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Ma’am you should be a priest.

September 21st, 2012by Emily Macke

A few years ago I was volunteering at a local pro-life event, when a Catholic acquaintance approached me to say hello.  She asked what I was doing these days.  At my reply that I am studying for a master’s in theology, she grumbled, “It’s a shame you’re into that Theology of the Body, or else you could be a priest.”

 Shocked, I attempted to collect my composure being answering. 

 I have had a handful of Protestants ask if my goal was to be a minister upon graduation.  Despite my insistence to the contrary, middle-aged Brenda, from whom I purchased my car a few years ago, eagerly told her mother that I was going to be a minister.  The mother ran out of the house, arms flailing in excitement at the revelation that I would be preaching the Good News in such a capacity.  My protests were met with wagging fingers and amused expressions as they told me that “God surprises us sometimes.”

 Yet I think my run-in at the pro-life event was my first encounter with a Catholic who thought that I should be a priest.  She had no interest in my words that the priesthood isn’t about power, but about service.  “Tell that to the priests,” she quipped.

 My reminder that the Blessed Mother was not a priest but enjoyed an incredibly privileged role in the Church, was met with, “That’s true, but that was 2,000 years ago.” 

She mentioned the necessity of equality, to which I replied that equality is not identical to sameness.  She disagreed and added that the Church must offer “equal opportunity for Sacraments.”

It’s interesting how much we let our culture’s ideas color our views of the Church.  Society espouses that there is no difference between male and female.   They are the same.

The fact that only one can be a mother, and only one can be a father apparently makes no difference. 

Ephesians 5, which is typically used to discuss the meaning of marriage, is just as valuable in the discussion of male priesthood.  Husbands are called to love their wives as Christ loved the Church.  Priests stand in the person of Christ, in relation to His Bride, the Church.  How, then, could a woman be a priest?  How could a woman, a potential mother, “marry” Mother Church?

The male-only priesthood isn’t an exclusive club of cigar-smoking men in black who chuckle at their ability to fool women into believing they can’t join.  Rather, it’s an invitation to service – an opportunity for men to “wash the feet” and sacrifice their lives for their beloved Bride, the Church.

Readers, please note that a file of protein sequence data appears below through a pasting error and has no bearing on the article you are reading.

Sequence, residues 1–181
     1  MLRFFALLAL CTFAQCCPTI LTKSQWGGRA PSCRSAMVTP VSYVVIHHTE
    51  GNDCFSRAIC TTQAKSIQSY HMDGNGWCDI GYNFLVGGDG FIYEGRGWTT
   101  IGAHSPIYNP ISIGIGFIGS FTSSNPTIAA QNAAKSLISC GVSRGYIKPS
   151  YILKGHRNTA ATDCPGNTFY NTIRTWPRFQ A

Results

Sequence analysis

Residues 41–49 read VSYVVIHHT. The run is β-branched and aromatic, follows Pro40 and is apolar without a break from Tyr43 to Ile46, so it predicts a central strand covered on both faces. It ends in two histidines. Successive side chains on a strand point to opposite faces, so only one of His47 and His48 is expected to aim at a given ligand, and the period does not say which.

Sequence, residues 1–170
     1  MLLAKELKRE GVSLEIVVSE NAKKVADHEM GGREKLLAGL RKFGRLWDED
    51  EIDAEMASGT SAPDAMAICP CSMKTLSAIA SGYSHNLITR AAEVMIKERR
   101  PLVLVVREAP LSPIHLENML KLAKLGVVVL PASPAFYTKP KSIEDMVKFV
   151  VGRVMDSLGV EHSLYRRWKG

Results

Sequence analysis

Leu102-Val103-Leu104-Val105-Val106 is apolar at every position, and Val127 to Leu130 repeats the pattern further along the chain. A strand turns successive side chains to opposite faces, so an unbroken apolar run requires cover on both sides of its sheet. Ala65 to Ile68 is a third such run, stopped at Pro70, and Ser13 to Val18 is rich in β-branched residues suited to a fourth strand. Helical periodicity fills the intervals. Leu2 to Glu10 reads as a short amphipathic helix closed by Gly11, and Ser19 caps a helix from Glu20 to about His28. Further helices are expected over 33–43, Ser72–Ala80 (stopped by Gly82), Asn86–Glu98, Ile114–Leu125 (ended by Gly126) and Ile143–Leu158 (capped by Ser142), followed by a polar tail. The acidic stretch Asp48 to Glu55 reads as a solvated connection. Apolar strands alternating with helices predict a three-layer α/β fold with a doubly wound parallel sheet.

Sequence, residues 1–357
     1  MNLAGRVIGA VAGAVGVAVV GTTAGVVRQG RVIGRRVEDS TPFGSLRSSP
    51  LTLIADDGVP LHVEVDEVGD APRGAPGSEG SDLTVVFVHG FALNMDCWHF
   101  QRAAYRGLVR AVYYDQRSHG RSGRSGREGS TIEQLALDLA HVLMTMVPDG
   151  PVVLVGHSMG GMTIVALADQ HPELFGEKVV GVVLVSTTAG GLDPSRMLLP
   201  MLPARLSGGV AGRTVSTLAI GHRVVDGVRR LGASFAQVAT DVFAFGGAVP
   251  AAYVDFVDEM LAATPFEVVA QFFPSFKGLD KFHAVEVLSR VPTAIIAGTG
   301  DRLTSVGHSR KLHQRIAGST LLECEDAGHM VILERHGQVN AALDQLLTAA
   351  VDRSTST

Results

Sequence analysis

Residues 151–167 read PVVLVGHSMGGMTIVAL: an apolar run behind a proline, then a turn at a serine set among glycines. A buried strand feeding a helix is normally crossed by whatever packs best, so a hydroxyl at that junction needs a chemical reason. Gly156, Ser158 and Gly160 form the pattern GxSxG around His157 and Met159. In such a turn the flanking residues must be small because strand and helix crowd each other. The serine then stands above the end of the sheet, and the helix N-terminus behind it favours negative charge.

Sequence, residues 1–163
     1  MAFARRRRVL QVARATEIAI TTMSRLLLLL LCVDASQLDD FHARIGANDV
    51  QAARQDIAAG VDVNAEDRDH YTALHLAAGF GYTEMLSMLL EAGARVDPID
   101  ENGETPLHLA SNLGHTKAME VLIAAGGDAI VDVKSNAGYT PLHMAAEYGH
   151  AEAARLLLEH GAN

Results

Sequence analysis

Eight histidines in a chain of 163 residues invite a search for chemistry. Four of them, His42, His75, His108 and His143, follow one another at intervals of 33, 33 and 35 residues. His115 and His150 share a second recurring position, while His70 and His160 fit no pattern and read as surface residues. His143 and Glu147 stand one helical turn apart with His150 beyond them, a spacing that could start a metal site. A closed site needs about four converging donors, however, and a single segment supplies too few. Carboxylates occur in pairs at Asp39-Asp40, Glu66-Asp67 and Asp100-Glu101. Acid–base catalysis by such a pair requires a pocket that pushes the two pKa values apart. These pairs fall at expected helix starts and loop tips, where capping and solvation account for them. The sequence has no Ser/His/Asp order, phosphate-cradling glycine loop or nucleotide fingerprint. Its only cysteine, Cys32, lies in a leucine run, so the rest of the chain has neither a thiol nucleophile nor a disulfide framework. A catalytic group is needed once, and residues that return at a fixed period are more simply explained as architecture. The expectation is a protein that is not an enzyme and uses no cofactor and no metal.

This doesn’t make women sighing, whimpering, fragile creatures whose sole role in life is to be catered to by men.  Rather, only women can be mothers.  Only they can nurture life in such a way that two or more heartbeats can palpitate in their bodies at the same time.  Only a mother can give birth to a priest.  One can say that without women there would be no priests.

It’s all a matter of seeing the beauty of God’s plan – the unity that can occur because of the diversity in creation.  Each of us exists as a man or as a woman.  Neither is deficient or lesser than the other.  But the fact that each is created in God’s image and likeness does not mean that they exist as the same.  Rather in the difference they reflect something of God.  It is because they are different, yet both with absolute dignity, that they are able to love in a way that can include a total and unique gift of self, resulting in the possibility of new life.  And this union points us to the love of God that exists in the Trinity. 

There is a particularly poignant scene in the film Pope John Paul II: The Movie, in which the Holy Father is driving through a group of angry, protesting women, holding signs advocating women priests and abortion on demand.  Jon Voight, playing John Paul II says, “How can I tell them how much God loves women?  His intention from the beginning, equality, balance, perfection.”

I don’t think these words were taken as a direct quote from the late Holy Father, but I think they certainly capture the essence of his love for women, and therefore his frustration that so many failed to receive his tender words.

Anyone who disbelieves the dignity with which the Church treats women should pick up John Paul’s “Letter to Women” or “On the Dignity and Vocation of Women.”  There they will find his careful treatment of the “genius of women” and their unique call to love.

John Paul II’s enthusiasm is apparent, for example, in the conclusion of “On the Dignity and Vocation of Women”: “During the Marian Year the Church desires to give thanks to the Most Holy Trinity for the ‘mystery of woman’ and for every woman – for that which constitutes the eternal measure of her feminine dignity, for the ‘great works of God,’ which throughout human history have been accomplished in and through her.  After all, was it not in and through her that the greatest event in human history – the incarnation of God himself – was accomplished?” (#31). 

When viewed through this lens, as opposed to the culture’s, we can see that the Church’s understanding of priesthood is a loving way of preserving the unique dignity of both men and women.  And in the end, this guarantees that we will be truly happy. 

I’ll take that over being called “Father” any day. 

Photo: Flickr Creative Commons/musical photo man

Emily Macke

Emily Macke serves as Theology of the Body Education Coordinator at Ruah Woods (www.RuahWoods.org). She received her Master's in Theology from the John Paul II Institute and enjoys speaking and writing about the gift of the faith. She blogs at Unshakeable Hope www.UnshakeableHope.blogspot.com